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Hi Steve,

Thanks for the response.

Originally posted by Battlefront.com:

</font><blockquote>quote:</font><hr />Well, personally I find that they seem to be laser guided. I've had them for and against me in several battles and ops recently, and they always kill something (even if 'only' FF kills ... which I should point out I have no problem with in principle), especially with MG/cannon fire.

This is the problem, though, with one off battles. CM assumes that if the plane shows up it has already beat the odds. It was in the area, saw a target, made it to the target, and was able to engage it.</font>

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Originally posted by dieseltaylor:

If you do not see the importance of morale then why have men go to ground when coming under rifle fire - after all bullets are shown to be less lethal to the PBI than mortars and artillery.

:confused:

a/c in CM don't have a morale effect. That's part of the problem.

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DT,

Since you mentioned it...

Originally posted by dieseltaylor:

I have below a Russian link but as I do not read Russian it is a little wasted on me. It is lengthy and possibly has Russian information.

http://www.airwar.ru/enc/bww2/ju87g.html

(SNIP!)

Tank-destroying Ju-87 G planes were widely used on the Eastern front, especially in the battles of Kursky Duga. The Ju-87 G-2 was the aircraft flown by the famous German pilot, Heintz Ulriech Rudel - he alone destroyed 519 units of enemy armored vehicles."

I read Russian and looked at the site. It is a fairly detailed description the development and fielding of the Ju-87G Stuka.

The site appears to be run by two aviation enthusiasts somewhere in Russia. Here is the list of sources cited at the bottom of the Ju-87G article (I have translated the Russian-languages sources cited):

Aviation and Aerospace, A. Perov and A. Restrenin

Aviation and Aerospace, A. Demin

Wings of the Motherland, S. Tsvetkov

Combat Aircraft, A. Medved'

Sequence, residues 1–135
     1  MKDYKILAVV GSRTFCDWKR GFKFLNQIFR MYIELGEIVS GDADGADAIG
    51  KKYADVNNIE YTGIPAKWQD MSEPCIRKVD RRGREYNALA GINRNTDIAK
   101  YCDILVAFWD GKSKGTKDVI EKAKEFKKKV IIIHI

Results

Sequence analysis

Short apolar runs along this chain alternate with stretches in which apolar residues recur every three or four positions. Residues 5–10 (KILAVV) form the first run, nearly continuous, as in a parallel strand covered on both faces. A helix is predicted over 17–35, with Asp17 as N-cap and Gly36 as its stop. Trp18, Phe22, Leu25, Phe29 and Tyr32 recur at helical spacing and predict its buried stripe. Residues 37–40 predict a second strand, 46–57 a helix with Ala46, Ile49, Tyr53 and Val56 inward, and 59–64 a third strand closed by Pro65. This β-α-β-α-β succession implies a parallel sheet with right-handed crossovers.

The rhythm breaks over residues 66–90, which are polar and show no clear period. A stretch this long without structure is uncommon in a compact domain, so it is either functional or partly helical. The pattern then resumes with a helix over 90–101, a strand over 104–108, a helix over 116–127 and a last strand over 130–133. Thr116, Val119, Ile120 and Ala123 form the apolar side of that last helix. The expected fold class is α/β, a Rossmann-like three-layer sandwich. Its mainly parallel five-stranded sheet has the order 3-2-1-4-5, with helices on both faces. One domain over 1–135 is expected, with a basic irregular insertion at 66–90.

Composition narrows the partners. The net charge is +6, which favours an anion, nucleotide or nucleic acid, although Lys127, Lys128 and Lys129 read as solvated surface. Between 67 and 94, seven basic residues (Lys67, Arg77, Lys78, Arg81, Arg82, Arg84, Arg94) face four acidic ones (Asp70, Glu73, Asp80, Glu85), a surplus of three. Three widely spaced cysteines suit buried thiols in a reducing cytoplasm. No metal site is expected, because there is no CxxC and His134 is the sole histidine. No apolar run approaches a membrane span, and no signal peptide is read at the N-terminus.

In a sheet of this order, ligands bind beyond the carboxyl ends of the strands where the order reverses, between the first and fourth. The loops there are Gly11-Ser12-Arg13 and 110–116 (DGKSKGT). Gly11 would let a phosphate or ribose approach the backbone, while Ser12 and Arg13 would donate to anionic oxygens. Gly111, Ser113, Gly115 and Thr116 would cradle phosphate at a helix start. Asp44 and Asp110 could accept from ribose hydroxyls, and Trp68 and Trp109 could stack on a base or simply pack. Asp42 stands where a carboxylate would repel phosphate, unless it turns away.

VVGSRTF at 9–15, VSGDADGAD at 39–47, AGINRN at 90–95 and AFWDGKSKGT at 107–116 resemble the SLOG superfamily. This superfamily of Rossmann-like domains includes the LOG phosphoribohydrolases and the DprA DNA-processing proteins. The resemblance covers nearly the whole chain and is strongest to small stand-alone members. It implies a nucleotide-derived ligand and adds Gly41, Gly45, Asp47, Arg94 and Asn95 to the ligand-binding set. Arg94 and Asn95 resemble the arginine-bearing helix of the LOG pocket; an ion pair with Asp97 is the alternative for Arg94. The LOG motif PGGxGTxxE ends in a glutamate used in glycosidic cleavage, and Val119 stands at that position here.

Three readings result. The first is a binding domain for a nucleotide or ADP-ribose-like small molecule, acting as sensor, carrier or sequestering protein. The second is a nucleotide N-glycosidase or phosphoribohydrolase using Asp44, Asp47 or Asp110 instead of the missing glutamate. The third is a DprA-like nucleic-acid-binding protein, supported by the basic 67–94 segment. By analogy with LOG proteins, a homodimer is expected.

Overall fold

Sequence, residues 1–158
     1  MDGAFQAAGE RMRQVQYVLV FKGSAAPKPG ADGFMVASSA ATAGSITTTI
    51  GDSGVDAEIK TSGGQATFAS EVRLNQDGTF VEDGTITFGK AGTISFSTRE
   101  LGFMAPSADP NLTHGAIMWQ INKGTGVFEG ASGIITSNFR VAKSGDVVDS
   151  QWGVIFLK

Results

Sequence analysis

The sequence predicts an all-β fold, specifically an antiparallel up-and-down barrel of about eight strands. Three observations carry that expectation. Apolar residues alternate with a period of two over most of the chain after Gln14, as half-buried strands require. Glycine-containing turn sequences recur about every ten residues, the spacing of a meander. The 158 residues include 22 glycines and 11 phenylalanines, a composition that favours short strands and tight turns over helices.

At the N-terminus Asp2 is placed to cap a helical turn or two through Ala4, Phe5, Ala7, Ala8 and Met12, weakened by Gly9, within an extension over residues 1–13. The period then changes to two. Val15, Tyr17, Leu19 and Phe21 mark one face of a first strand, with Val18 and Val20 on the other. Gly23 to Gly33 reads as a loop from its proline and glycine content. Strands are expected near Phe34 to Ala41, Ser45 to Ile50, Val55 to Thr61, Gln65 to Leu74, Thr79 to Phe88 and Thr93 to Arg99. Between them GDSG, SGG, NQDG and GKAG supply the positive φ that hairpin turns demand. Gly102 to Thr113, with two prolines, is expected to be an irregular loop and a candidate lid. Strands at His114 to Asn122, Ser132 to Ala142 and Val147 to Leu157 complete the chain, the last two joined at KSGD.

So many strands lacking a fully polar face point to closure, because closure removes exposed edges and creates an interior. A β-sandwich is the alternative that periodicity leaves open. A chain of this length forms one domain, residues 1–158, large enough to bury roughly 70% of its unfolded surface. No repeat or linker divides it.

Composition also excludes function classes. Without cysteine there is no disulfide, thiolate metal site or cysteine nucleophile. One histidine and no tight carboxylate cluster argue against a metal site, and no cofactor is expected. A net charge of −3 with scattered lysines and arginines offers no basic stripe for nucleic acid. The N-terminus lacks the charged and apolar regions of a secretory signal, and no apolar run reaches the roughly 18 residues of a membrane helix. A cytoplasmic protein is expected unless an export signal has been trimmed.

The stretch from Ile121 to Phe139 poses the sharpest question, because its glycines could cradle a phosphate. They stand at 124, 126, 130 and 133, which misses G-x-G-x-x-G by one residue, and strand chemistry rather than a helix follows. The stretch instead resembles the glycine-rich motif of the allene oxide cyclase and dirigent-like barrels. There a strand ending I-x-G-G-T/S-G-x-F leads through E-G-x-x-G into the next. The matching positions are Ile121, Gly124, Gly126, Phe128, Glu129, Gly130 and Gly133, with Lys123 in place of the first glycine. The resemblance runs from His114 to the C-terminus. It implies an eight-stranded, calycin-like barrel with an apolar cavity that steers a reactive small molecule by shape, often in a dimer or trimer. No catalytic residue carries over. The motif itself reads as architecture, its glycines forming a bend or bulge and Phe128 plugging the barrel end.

Wings of the Luftwaffe, William Green

Junkers Ju 87 Stuka, LuftArchiv.de. Squadron/Signal. AC No: 73.

Ju 87 Stuka in Action, Brian Filley.

Ju 87 Stuka, Aero technika lotnicza.

Ju 87 Stuka

AJ Press. Monografie lotnicze. Marek Murawski.

Junkers Ju 87 Stuka, Start-Verlag, Bad Zwischenahn.

As to the article's contents, it is almost as if JasonC had written it. The article is quite long so here some of the high points or assertations that seem to me to be pertinant to this discussion:

1. The Ju87G-1 had more armor than the standard Stuka, speficially, a 20mm plate behind the pilot.

2. The plane had no MGs, although sometimes a 20mm remained installed. If it was there it was used as an aimer for the 37mm.

3. The plane's slow speed and lack of maneuverablity made it an excellent gun platform.

4. The plane was incapable of performing a dive attack. Gun runs were at an angle of 10-12°. To get a roof hit the plane required 30° or more - an impossible task for the plane given the weight of the cannon and the need to get the cannon close to the target. Also, the plane had no dive brakes.

5. Pulling out of even the shallow gun run was physically difficult for the pilot.

6. The 3.7mm AT gun's practical rate of fire was 1 rounds every two seconds.

7. The maximum number of rounds fired in a gun run was one or two rounds.

8. Strong recoil made a second shot practically impossible without realigning the aircraft on target.

9. The plane's 3.7 cm gun needed to be under 200m. from the front of a T-34 tank to have a chance of pentrating it at normal attack aspects. For flank attacks the distance was 400m.

11. The plane did not threaten Soviet tanks with roof hits, because as a practical matter the plane only could attack in a shallow dive.